Flying harms the climate. Air travel is growing rapidly. Its net impact is nearly twice as great as the impact of the CO2 emissions alone, much greater than that from cars. Air travel creates nitrous oxides, water vapor, sulfate aerosols, soot aerosols, and contrails. Noted climate activist Greta Thunberg famously went out of her way to avoid flying to a climate conference on the other side of the Atlantic.
So should we all stop flying, or at least avoid flying as much as possible? In a recent New York Times opinion article, Costas Christ (of Beyond Green Travel) argued that flying as part of wildlife tourism may actually be climate-friendly. Wildlife tourism gives an obvious incentive to local economies to preserve wildlife; but wildlife tourism absolutely depends on airline travel. If we stopped flying altogether, the wildlife tourism industry would die, and the ecosystems which support this wildlife—along with the wildlife itself—would disappear. Forest ecosystems would be replaced with cattle ranches.
I can’t really fault anyone who, using this logic, flies off to Africa to see the elephants. We live in an imperfect world, and we have to make the best of a bad deal. The odd thing about this argument is that it makes wildlife dependent on the economy. But it’s precisely the economy which is the main driver behind the destruction of wildlife! Must we, with long-distance air travel, destroy the planet in order to save it?
It’s true that wildlife tourism is the most benign use possible of the land. We look, but don’t touch. But it is still an intrusion, marked by the greenhouse gas emissions which are emitted into the atmosphere to maintain it. If something else were to come along that’s more profitable than saving the elephants, they’d probably kiss the elephants goodbye. Suppose that huge ores of gold and diamonds were found in elephant habitat? Using this logic, they’d cheerfully send the elephants off into extinction—or, if they’re lucky, to zoos.
Wilderness is, by definition, a place where humans do not intrude. Otherwise it’s not “wild,” it’s just a relatively benign extension of the human economy. Haven’t we thereby eliminated the wilderness? Must humans take over every last square inch of the globe?
We could take this logic further. Instead of imagining a world in which no one flies, suppose that we imagined a world in which people only flew for wildlife? If people only flew to and from Africa (or other ecotourist destinations), I don’t think the airline industry would survive. The airline industry is already hurting because of the rise in energy prices; it depends on volume to be economical. This drastic reduction in volume would force “wildlife airlines” to charge exorbitant prices. This in turn would result in a drastic decline in wildlife tourism, and—since we presume that these elephants are only surviving because of tourism—a corresponding decline in wildlife. Soon there would just be a sole elephant herd somewhere in Africa that Bill Gates and a few multi-billionaires would visit once a year, paying homage to the wilderness that has been destroyed.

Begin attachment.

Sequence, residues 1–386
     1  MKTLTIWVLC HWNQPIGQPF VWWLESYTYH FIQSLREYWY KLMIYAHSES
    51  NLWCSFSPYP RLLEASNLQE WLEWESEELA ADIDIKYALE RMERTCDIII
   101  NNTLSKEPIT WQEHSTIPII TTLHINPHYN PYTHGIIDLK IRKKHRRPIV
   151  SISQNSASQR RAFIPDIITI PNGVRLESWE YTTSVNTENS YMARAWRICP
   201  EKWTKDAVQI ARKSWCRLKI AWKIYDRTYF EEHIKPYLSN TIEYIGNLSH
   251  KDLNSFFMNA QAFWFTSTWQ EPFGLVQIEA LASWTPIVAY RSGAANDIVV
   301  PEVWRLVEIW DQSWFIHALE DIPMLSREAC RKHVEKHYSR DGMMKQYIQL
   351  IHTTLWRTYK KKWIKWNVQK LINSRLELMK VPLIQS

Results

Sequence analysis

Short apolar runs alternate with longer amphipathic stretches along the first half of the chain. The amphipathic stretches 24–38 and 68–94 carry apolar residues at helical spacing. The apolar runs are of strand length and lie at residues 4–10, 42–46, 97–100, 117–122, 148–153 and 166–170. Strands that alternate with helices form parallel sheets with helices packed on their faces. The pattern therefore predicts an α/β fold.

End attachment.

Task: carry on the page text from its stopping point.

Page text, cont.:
Let’s take this thought experiment a bit further. Suppose that, in a world in which the only flights are to wildlife destinations, I decide to defy this expectation and fly to Las Vegas in order to drink and gamble, and that enough of my degenerate compatriots followed suit. This might help the airline industry to survive, which in turn would make wildlife tourism more viable! Suddenly, my frivolous trip to Las Vegas now becomes virtuous because it helps the elephants. If we take this thought experiment far enough, we could rationalize away almost anything we’re doing today.
What is wrong with this picture? First of all, if you have to commercialize wildlife in order to preserve it, then it’s not wildlife. The whole problem with the economy is that humans have completely overrun the planet and there’s no space for anything else. Almost all of the large animals on the planet are either humans or animals that humans eat. There is just a small sliver of biomass of elephants, buffalos, antelopes, giraffes, etc., and a correspondingly small sliver of the ecosystems to support these remaining animals. That’s all that’s left of the so-called “wilderness,” and that’s just what’s going on right now.
Secondly, the force that’s destroying the planet is the expanding economy. We cannot truly preserve wildlife (or the atmosphere, or anything else) unless we come to terms with fundamental limits to growth. I understand why people fly to Africa to see the wildlife, or for that matter within the U. S. to see their relatives. What I have a problem with is an economy that forces us to make these sorts of choices. We need to embrace a much smaller economy. We should protect wilderness directly, rather than relying on the profit motive to do the job.